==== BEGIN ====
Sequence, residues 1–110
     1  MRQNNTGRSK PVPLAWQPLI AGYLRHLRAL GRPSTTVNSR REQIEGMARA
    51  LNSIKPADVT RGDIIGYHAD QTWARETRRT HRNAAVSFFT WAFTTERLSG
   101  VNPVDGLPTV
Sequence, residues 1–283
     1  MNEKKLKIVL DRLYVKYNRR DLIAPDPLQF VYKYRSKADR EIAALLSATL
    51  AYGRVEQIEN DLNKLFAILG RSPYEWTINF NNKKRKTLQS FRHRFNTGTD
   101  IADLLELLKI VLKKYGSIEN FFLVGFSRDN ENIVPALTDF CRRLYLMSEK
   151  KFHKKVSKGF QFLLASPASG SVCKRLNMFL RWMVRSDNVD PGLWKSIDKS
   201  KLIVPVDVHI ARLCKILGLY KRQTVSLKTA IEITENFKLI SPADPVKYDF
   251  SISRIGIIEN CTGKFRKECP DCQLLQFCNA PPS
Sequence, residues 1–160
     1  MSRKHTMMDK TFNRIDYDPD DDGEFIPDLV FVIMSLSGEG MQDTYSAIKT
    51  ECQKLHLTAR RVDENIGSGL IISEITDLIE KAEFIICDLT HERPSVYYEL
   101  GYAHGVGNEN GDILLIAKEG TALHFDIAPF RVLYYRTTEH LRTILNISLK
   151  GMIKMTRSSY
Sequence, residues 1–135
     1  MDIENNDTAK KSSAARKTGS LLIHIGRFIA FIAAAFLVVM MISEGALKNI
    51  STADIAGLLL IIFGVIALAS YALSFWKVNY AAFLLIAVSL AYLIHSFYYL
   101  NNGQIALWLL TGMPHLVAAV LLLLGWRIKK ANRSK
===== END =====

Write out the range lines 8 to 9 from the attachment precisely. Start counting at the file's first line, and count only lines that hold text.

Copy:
   101  IADLLELLKI VLKKYGSIEN FFLVGFSRDN ENIVPALTDF CRRLYLMSEK
   151  KFHKKVSKGF QFLLASPASG SVCKRLNMFL RWMVRSDNVD PGLWKSIDKS